K-2 Students understand objects and organisms can be described in terms of their parts; and systems in the natural and designed world have parts that work together. 

3-LS4-4. Make a claim about the merit of a solution to a problem caused when the environment changes and the types of plants and animals that live there may change.

3-5 Students understand that a system is a group of related parts that make up a whole and can carry out functions its individual parts cannot. They can also describe a system in terms of its components and their interactions.

MS-PS2-4. Construct and present arguments using evidence to support the claim that gravitational interactions are attractive and depend on the masses of interacting objects.

6-8 Students can understand that systems may interact with other systems; they may have sub-systems and be a part of larger complex systems. They can use models to represent systems and their interactions—such as inputs, processes and outputs—and energy, matter, and information flows within systems. They can also learn that models are limited in that they only represent certain HS-LS2-5. Develop a model to illustrate the role of photosynthesis and cellular respiration in the cycling of carbon among the biosphere, atmosphere, hydrosphere, and geosphere. aspects of the system under study.

HS-LS2-5. Develop a model to illustrate the role of photosynthesis and cellular respiration in the cycling of carbon among the biosphere, atmosphere, hydrosphere, and geosphere.

9-12 Students can investigate or analyze a system by defining its boundaries and initial conditions, as well as its inputs and outputs. They can use models (e.g., physical, mathematical, computer models) to simulate the flow of energy, matter, and interactions within and between systems at different scales. They can also use models and simulations to predict the behavior of a system, and recognize that these predictions have limited precision and reliability due to the assumptions and approximations inherent in the models. They can also design systems to do specific tasks.

Appendix G. Crosscutting Concepts Posters

5. Energy and Matter

Tracking fluxes of energy and matter into, out of, and within systems helps one understand the systems’ possibilities and limitations.

Energy and Matter are essential concepts in all disciplines of science and engineering, often in connection with systems. 

Progression Across the Grades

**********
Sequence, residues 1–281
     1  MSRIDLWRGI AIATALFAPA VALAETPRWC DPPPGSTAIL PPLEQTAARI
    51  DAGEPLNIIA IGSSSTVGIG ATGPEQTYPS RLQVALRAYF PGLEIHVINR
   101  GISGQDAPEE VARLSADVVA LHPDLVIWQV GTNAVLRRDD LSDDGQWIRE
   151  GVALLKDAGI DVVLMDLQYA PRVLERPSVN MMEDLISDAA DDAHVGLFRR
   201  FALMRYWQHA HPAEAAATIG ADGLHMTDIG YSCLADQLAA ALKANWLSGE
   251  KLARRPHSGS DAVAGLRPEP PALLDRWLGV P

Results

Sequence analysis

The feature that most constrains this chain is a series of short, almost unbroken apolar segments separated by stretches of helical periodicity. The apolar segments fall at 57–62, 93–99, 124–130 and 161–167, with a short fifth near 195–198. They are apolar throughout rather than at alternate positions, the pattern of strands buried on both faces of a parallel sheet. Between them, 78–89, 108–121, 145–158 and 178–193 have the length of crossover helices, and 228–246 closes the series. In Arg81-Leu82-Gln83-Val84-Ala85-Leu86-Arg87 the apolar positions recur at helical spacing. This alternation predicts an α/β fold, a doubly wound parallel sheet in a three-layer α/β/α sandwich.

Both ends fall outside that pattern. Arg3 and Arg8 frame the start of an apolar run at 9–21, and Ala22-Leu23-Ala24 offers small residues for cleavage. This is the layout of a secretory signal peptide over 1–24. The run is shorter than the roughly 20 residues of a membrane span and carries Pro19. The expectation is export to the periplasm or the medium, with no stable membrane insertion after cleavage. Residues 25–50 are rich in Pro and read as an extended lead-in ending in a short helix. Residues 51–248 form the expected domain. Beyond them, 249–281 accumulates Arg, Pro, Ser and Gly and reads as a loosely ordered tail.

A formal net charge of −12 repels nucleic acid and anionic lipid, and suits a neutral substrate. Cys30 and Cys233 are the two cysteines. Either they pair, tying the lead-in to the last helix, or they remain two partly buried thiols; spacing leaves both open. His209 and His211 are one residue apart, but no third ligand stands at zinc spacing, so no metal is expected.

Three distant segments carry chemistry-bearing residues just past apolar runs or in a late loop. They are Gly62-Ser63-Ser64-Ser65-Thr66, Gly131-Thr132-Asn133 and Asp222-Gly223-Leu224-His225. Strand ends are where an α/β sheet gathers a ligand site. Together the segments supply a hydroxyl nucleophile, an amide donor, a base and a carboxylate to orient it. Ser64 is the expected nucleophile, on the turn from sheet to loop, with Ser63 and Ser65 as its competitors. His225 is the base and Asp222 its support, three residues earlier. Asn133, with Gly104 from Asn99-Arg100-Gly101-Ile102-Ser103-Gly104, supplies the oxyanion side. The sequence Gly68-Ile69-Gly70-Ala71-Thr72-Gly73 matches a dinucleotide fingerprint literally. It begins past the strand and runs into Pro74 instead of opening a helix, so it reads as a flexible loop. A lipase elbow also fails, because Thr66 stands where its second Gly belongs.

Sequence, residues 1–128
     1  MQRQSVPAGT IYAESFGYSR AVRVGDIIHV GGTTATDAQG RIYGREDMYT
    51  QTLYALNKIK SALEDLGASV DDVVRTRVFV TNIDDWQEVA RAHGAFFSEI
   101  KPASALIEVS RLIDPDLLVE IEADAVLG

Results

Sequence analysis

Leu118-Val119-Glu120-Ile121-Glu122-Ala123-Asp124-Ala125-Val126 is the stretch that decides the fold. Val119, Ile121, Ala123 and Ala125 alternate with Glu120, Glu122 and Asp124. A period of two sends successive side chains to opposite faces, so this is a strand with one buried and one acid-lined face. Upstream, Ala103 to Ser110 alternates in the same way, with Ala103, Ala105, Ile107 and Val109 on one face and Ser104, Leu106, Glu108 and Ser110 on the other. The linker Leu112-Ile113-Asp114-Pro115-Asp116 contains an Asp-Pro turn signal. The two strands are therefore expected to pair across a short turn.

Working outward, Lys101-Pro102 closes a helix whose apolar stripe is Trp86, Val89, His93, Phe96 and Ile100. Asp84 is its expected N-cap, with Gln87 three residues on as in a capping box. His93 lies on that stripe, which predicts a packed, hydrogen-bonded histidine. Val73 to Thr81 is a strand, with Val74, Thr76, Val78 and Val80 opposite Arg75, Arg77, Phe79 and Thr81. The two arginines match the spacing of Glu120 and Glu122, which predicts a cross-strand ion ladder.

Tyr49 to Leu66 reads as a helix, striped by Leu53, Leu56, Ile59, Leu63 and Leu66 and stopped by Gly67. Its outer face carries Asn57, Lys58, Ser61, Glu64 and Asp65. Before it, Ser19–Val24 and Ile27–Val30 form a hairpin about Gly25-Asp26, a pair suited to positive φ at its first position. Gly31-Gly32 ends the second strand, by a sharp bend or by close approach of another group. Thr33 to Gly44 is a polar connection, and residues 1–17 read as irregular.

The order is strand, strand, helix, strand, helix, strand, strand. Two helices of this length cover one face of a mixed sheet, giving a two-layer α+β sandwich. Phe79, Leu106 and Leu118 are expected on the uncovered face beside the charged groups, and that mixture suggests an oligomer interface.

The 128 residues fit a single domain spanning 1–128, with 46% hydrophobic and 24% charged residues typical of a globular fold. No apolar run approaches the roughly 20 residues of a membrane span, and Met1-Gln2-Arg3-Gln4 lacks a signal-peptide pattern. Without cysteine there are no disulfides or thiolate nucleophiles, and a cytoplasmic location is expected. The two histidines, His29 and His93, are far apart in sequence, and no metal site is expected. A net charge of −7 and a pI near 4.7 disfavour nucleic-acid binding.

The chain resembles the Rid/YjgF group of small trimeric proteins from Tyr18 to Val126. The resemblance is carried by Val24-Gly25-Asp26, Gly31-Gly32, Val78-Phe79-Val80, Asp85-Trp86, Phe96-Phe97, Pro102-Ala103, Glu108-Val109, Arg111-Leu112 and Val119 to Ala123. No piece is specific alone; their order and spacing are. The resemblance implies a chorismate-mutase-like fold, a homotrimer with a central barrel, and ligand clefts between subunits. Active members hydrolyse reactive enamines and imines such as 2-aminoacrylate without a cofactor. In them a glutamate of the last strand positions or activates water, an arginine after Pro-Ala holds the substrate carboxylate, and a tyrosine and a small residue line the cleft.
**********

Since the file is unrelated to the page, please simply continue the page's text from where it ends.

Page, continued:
2-PS1-3. Make observations to construct an evidence-based account of how an object made of a small set of pieces can be disassembled and made into a new object.

K-2 Students observe objects may break into smaller pieces, be put together into larger pieces, or change shape.

LS1-1. Support an argument that plants get the materials they need for growth chiefly from air and water.

3-5 Students learn matter is made of particles and energy can be transferred in various ways and between objects. Students observe the conservation of matter by tracking matter flows and cycles before and after processes and recognizing the total weight of substances does not change.

MS-ESS2-4. Develop a model to describe the energy from the sun and the force of gravity.

6-8 Students learn matter is conserved because atoms are conserved in physical and chemical processes.

They also learn within a natural or designed system, the transfer of energy drives the motion and/or cycling of matter. Energy may take different forms (e.g. energy in fields, thermal energy, energy of motion). The transfer of energy can be tracked as energy flows through a designed or natural system.

HS-PS1-8. Develop models to illustrate the changes in the composition of the nucleus of the atom and  the energy released during the processes of fission, fusion, and radioactive decay.

9-12 Students learn that the total amount of energy and matter in closed systems is conserved. They can describe changes of energy and matter in a system in terms of energy and matter flows into, out of, and within that system. They also learn that energy cannot be created or destroyed. It only moves between one place and another place, between objects and/or fields, or between systems. Energy drives the cycling of matter within and between systems. In nuclear processes, atoms are not conserved, but the total number of protons plus neutrons is conserved.

Appendix G. Crosscutting Concepts Posters

6. Structure and Function

The way in which an object or living thing is shaped and its substructure determine many of its properties and functions.

Structure and Function are complementary properties. “The shape and stability of structures of natural and designed objects are related to their function(s). The functioning of natural and built systems alike depends on the shapes and relationships of certain key parts as well as on the properties of the materials from which they are made.